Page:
Take the 2-minute tour ×
Stack Overflow is a question and answer site for professional and enthusiast programmers. It's 100% free, no registration required.

I have a dictionary object as such:

menu = {'dinner':{'chicken':'good','beef':'average','vegetarian':{'tofu':'good','salad':{'caeser':'bad','italian':'average'}},'pork':'bad'}}

I'm trying to create a graph (decision tree) using pydot with the 'menu' data this.

'Dinner' would be the top node and its values (chicken, beef, etc.) are below it. Referring to the link, the graph function takes two parameters; a source and a node.

It would look something like this:

Except 'king' would be 'dinner' and 'lord' would be 'chicken', 'beef', etc.

My question is: How do I access a key in a value? To create a tree from this data I feel like I need to create a loop which checks if there is a value for a specific key and plots it. I'm not sure how to call values for any dictionary object (if it's not necessarily called 'dinner' or have as many elements.).

Any suggestions on how to graph it?

share|improve this question
add comment

2 Answers 2

up vote 2 down vote accepted

Using a recursive function

You might want to consider using a recursive function (like the visit in my code below, so that you are able to process a general nested dictionary. In this function, you want to pass a parent parameter to keep track of who is your incoming node. Also note you use isinstance to check if the dictionary value of a key is a dictionary of its own, in that case you need to call your visit recursively.

import pydot

menu = {'dinner':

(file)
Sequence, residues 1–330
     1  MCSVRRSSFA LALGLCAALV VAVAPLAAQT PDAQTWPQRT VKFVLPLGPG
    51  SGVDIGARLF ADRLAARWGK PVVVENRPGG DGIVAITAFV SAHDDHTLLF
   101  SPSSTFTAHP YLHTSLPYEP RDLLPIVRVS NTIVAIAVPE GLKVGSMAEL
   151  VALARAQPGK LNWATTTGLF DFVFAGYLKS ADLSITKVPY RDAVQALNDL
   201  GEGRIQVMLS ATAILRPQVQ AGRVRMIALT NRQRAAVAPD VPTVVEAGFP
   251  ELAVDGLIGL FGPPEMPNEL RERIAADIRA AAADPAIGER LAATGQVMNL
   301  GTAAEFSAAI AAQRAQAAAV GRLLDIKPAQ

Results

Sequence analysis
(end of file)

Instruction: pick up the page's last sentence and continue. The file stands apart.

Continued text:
def draw(parent_name, child_name):
    edge = pydot.Edge(parent_name, child_name)

def visit(node, parent=None):
    for k,v in node.iteritems():
        if isinstance(v, dict):
            # We start with the root node whose parent is None
            # we don't want to graph the None node
            if parent:
                draw(parent, k)
            visit(v, k)
            draw(parent, k)
            # drawing the label using a distinct name
            draw(k, k+'_'+v)

graph = pydot.Dot(graph_type='graph')

Resulting tree structure

enter image description here

share|improve this answer
Yes, this is exactly what I'm working on. The only thing I want to change is to add another bubble for 'bad', 'average', ... under the corresponding node. This is great though. –  ono Dec 3 '12 at 19:42
Also, where do I stick the graph.write_png('...')? –  ono Dec 3 '12 at 19:50
I just add that to my code for completeness. Thanks for accepting the answer. –  greeness Dec 3 '12 at 19:51
Does this work for any dictionary data set? I tried a different data set and it doesn't seem to work –  ono Dec 3 '12 at 20:03
For instance, If you have list in the dict, you need to take care of that as well in isinstance. –  greeness Dec 3 '12 at 20:21
show 1 more comment

Your question isn't entirely clear to me, but the way of accessing a dictionary key's value in Python is simply:


That will return to you that key's value. If that key is not in the dictionary, it will return a KeyError, so if you are working with dictionaries and you're not sure if the key you're requesting will be in the dictionary, you have two options.

If-statement (preferred):

if key in dictionary:
    return dictionary[key]


    return dictionary[key]
except KeyError:

If you don't know the keys in your dictionary and you need to get them, you can simply call dictionary.keys() and it will return a list of all of the keys in the dictionary.

Getting a the value of a dictionary key will return an object that could even be another object. Thus, to find out the value of "tofu", for example, we'd do the following:

# returns value 'good'
share|improve this answer
Let me rephrase: Notice that the value for 'dinner' has keys in it. How do I access values for those keys? Not sure if that's clear. How can I get the value for the key 'tofu' for instance? –  ono Dec 3 '12 at 17:34
@ono updated to reflect that additional information –  jdotjdot Dec 3 '12 at 17:39
add comment

Your Answer


By posting your answer, you agree to the privacy policy and terms of service.

Not the answer you're looking for? Browse other questions tagged or ask your own question.